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Turkish envoy urges swift return of coup asylum seekers from Greece

READ MORE: Greece charges Turkish coup asylum seekers with illegal entry

Failure to return the officers “will not help” ties, Turkish ambassador Kerim Uras told reporters in Athens.

“I hope we will manage to swiftly go through the phases of due process and manage to return these terrorist elements so that they will face justice,” Uras said.


The eight men, who arrived by military helicopter on Saturday after sending a distress signal to authorities at the airport in the northern city of Alexandroupolis, are to face trial for illegal entry on Thursday.

“I think it was a mistake to accept them in the first place,” the ambassador said, arguing that Greek authorities could have asked the helicopter to land near a Turkish facility.

ALSO READ: Eight Turkish coup plotters request asylum in Greece

 According to their lawyer, Ilia Marinaki, the Turkish soldiers — two commanders, four captains and two sergeants — fear for their safety and that of their families after the failed coup attempt against President Recep Tayyip Erdogan.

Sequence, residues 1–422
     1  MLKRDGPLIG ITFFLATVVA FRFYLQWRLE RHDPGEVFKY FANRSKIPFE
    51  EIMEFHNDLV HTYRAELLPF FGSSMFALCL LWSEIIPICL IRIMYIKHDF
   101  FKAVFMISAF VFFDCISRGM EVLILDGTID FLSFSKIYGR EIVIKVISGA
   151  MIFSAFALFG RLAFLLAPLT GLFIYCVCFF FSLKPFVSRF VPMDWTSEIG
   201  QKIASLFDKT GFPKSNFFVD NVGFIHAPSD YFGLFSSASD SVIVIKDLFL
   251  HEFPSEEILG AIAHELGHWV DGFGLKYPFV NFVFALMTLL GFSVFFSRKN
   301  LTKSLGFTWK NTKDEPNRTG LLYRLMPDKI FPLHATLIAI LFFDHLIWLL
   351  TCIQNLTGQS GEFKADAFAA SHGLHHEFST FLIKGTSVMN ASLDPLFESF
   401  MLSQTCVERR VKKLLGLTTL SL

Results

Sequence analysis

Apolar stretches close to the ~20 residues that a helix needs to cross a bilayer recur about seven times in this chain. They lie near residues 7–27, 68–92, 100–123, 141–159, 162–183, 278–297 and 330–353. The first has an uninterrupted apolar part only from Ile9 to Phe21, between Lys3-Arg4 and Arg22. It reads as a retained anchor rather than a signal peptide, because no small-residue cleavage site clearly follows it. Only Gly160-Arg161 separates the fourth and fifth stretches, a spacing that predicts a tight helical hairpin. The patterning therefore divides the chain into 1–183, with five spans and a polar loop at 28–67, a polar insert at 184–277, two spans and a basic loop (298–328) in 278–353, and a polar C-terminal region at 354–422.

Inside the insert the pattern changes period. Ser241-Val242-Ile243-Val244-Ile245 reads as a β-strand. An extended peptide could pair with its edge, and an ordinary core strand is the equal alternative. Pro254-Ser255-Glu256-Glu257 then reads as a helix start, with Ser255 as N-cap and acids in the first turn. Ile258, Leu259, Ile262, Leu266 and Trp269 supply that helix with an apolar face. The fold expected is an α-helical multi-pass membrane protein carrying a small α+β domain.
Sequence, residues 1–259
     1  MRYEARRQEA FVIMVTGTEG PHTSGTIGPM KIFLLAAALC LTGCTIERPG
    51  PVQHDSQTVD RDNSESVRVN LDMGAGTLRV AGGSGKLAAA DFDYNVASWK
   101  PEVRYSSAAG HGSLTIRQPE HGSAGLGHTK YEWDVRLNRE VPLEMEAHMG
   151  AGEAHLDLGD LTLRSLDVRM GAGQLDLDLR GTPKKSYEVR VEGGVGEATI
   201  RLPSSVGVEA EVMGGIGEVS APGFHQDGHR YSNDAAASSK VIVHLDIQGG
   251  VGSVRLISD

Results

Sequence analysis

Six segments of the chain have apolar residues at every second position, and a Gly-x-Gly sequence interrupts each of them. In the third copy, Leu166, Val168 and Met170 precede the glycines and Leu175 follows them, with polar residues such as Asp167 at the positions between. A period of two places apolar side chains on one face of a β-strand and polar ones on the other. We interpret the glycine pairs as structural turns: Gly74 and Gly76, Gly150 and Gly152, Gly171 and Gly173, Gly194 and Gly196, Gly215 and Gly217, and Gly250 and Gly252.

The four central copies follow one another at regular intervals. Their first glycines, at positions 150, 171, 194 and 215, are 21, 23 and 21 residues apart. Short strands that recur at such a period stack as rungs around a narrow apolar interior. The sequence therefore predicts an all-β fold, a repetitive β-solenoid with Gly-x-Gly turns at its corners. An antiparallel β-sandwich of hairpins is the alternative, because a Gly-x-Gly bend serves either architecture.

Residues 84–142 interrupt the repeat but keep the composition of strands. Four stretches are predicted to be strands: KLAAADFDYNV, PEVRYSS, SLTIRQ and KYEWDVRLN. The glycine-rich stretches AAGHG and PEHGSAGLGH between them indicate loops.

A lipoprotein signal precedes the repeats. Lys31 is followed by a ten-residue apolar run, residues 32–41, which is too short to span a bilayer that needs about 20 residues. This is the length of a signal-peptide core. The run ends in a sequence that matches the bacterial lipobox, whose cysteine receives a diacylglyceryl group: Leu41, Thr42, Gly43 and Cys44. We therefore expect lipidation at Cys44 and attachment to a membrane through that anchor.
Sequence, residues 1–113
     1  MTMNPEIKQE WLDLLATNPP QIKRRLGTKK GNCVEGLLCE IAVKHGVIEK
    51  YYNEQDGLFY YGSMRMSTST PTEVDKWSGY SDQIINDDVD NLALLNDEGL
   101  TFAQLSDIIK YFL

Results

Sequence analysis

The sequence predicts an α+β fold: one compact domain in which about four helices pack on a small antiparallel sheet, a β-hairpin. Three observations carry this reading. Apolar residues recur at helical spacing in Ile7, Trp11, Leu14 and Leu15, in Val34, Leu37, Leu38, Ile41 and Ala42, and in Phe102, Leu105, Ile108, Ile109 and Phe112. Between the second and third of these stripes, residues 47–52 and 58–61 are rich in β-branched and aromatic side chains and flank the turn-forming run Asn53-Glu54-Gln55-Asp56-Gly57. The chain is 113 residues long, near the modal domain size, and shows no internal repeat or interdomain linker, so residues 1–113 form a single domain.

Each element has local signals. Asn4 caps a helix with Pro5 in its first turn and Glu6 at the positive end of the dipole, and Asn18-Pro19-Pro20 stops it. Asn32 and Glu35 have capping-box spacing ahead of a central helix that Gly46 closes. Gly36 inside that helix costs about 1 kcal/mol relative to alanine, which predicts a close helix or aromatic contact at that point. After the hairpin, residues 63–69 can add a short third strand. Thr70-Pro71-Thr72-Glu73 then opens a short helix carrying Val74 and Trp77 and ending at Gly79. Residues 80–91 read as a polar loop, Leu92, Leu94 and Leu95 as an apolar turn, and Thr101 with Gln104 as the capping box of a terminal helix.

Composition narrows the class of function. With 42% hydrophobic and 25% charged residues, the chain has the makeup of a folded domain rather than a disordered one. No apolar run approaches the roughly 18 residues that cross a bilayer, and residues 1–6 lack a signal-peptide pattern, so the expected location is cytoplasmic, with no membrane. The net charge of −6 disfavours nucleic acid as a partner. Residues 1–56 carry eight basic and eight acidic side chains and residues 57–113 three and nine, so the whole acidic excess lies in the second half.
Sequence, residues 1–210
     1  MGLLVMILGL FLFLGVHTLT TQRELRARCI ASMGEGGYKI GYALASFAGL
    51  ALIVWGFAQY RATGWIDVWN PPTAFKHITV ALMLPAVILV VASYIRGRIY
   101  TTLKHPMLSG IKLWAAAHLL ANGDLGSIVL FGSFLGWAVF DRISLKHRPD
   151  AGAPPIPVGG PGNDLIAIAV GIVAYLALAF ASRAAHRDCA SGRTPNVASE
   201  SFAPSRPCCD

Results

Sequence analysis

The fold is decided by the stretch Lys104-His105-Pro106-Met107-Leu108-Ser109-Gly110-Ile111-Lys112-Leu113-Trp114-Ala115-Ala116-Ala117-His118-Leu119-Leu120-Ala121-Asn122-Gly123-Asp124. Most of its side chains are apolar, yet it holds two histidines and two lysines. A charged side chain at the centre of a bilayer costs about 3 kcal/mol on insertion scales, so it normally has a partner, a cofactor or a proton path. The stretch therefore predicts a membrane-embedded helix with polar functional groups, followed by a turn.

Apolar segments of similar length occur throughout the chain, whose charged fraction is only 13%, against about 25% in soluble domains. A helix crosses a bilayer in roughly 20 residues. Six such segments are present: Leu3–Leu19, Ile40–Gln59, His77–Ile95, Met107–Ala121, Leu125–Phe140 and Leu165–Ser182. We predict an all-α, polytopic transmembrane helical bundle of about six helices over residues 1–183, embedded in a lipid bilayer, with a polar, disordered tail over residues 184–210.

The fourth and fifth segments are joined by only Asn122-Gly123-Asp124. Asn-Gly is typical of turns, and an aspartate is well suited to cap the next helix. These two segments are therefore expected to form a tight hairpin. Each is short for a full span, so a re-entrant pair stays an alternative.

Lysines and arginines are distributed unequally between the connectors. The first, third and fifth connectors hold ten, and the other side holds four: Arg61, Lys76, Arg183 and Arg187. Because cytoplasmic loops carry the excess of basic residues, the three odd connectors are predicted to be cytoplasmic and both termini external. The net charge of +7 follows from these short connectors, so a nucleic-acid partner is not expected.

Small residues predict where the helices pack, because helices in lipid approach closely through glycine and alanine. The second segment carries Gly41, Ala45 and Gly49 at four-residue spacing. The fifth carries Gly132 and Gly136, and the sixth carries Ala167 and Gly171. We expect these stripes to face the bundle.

They claim to have been fled after being fired upon by police. To block their deportation to Turkey, they have applied for asylum in Greece.

Uras bristled at the suggestion that the officers would not be treated fairly at home. “We take offence for such reporting because needless to say, they will face a fair trial. It will be totally transparent,” he said.


Turkish authorities have detained over 7,500 people so far in a massive legal crackdown, and some suspects were paraded before the media and shown being subjected to rough treatment.

Greek daily Ethnos on Tuesday splashed a front-page picture of dozens of semi-naked men, their hands tied behind their back, held in what appears to be a gynnasium. “West blasts Erdogan pogrom,” it said.


Historic foes, Greece and Turkey both became members of NATO in 1952 and ties have improved drastically in recent years although there are irritants such as airspace and maritime border disputes.

Greece last year also faulted Turkey for allowing thousands of mainly Syrian refugees and migrants to sail to its shores, before an EU deal stemming the flow came into force in March.



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